Heat could be used to soften/melt the plastic chips to help the compressing process. This could allow us to use a less powerful press. We could leverage the readily available heat stored by a large metal object such as our shipping containers exposed to the sun to melt the shreds of plastic places inside the metal mold. In the desert, we could also explore solar ovens. How much heat would we need?

20240310: IceCream warns about poison released when melting plastic. Outgassing is a concern and needs to be researched. What kinds of gas are being emitted? How toxic are those gases? Do different resins emit different gases? Toxicity levels indoor versus outdoor? Is outgassing a concern at our relatively small scale? What measures should be put in place to avoid adverse health effects?

RIC Risks.jpg

Examples of brick compressor and molds

BrickCompressor.jpg BrickMold1.jpg BrickMold2.jpg

Our first brick

D24 recycled plastic brick: a souvenir
"D24" debossed on one side
Dimensions: 20cm x 10cm x 5cm

Our first product is a proof of concept. We think of the brick as a souvenir more than a physical building block.

20240229.D24CompressedBrickModel.1.jpg 20240229.D24CompressedBrickModel.2.jpg

Human-powered recycling set

Example of human-powered plastic shredder and brick compressor at Monsieur Spoon in Pererenan, Bali, Indonesia, August 2020:
2021PlasticRecyclingSolution1.jpg 2021PlasticRecyclingSolution2.jpg

Although not our approach, here's a video of a radical and crude experiment which involves melting mixed plastics together. One of the two resulting objects was very brittle.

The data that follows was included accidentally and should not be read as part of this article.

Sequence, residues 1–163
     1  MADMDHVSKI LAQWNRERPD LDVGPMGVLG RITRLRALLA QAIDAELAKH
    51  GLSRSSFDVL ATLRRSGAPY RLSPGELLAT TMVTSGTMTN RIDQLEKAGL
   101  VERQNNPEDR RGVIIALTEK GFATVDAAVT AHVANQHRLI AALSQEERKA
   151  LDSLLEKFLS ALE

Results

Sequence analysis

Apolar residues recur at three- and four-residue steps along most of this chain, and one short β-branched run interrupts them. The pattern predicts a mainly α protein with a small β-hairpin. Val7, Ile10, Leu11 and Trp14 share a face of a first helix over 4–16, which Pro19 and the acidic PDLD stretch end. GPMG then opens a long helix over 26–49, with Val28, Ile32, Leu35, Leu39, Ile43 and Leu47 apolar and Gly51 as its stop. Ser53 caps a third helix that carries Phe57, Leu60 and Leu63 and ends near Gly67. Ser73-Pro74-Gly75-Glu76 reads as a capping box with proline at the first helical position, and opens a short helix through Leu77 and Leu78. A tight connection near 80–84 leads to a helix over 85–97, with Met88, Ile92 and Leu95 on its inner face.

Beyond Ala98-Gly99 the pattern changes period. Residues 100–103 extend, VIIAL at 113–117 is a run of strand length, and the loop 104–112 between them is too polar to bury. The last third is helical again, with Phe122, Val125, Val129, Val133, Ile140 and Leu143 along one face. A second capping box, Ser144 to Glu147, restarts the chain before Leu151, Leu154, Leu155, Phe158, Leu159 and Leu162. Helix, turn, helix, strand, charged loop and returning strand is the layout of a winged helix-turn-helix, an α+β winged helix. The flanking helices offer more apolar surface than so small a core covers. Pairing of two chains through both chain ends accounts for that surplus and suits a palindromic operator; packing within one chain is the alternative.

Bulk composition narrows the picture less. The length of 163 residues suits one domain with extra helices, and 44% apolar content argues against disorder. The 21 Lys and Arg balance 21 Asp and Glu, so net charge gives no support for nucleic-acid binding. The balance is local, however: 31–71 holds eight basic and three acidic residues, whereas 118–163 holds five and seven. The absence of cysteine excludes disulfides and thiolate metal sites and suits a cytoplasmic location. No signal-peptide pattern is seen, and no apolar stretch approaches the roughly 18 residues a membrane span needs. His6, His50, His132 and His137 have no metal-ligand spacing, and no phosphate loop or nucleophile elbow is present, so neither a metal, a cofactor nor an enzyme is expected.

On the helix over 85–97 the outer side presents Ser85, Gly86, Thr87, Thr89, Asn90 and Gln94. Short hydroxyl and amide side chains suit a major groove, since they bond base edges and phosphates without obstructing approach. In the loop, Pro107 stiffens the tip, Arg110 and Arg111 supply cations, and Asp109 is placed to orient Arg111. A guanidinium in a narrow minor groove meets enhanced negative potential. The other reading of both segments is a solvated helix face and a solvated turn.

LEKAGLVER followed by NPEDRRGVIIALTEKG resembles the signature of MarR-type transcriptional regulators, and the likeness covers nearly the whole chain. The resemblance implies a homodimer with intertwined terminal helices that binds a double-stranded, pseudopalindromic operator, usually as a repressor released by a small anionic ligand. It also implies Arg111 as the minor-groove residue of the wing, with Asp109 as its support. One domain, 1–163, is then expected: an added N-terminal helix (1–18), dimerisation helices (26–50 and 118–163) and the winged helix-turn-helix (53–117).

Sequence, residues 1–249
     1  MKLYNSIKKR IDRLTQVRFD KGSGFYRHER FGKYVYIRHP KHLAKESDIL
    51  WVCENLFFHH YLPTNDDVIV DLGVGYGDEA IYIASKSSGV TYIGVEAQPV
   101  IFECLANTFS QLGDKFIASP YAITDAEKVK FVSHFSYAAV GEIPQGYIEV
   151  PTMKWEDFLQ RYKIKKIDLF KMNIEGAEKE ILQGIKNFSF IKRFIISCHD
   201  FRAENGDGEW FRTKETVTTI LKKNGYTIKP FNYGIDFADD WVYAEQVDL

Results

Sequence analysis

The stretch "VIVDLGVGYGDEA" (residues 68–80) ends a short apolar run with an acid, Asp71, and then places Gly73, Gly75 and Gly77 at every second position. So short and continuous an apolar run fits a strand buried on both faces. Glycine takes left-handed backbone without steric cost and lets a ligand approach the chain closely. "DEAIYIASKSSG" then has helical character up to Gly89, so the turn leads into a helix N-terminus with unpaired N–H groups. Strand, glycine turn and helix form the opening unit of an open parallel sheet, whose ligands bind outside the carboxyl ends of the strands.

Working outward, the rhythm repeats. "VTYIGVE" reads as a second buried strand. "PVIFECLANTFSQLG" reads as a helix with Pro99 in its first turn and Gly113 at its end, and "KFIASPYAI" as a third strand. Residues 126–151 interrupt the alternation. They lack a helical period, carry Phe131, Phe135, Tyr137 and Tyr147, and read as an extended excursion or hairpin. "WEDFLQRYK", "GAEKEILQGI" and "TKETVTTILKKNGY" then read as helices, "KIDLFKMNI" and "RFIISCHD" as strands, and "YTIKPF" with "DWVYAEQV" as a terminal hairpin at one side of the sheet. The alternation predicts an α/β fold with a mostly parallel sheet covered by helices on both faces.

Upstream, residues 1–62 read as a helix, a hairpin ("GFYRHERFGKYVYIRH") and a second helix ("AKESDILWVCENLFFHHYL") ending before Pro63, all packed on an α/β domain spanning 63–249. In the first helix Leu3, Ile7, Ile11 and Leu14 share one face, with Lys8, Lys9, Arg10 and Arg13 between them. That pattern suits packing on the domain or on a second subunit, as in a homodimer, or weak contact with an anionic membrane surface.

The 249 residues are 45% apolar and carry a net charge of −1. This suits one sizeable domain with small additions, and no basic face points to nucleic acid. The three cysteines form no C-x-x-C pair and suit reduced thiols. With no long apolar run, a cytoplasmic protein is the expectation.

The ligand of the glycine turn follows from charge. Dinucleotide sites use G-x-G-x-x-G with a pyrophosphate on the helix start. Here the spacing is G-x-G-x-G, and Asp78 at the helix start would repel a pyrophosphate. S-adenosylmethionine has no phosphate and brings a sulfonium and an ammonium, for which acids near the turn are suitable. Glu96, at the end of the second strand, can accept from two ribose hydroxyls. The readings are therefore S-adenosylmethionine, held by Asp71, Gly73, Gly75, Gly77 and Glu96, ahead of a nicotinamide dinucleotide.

Identifying new plastic objects to fabricate

When making objects out of plastic waste a crucial question is this: what kind of new plastic objects do we really need? What objects are best positioned to gain the most from being made out of plastic? How do we avoid recycling the problem along with the plastic?

Disorient's goal is not only to become self-reliant when it comes to plastic recycling by recycling on-site (immediacy) but also to start using the resulting plastic bricks (and possibly other objects depending on the molds used during compression) as a component of our art installations. Creating 3D printing filaments is a possible solution but requires specific types of plastics which means that we would need to add pre-processing steps to our plastic recycling. This is something that we are trying to avoid at the beginning.

It's somewhat comforting to know that when our recycled plastic objects become obsolete, we can throw them back into the shredder for another cycle.

None of this is new. What's new is to actually make it happen locally.

Good examples of objects made with recycled plastic

ByBlock "Our unique, environmentally friendly process uses steam and compression to convert all types of plastic waste into an advanced, zero-waste building material called ByBlock" - ByFusion
Ombak Lounger. A chair by Merkaba Designs for Sungai Design
PLAEX bricks. Interlocable building system based on Lego-inspired building blocks fabricated in Canada with a mix of thermoplastic and waste construction aggregates. This new material called PLAEX-crete looks and feels like concrete.


D22 camper and co-builder of the first Man at the first Burning Man event at San Franciscos's Baker Beach in 1986, Jerry James inspires a new wave of non-burnable art.


DPR banner will be displayed here when ready.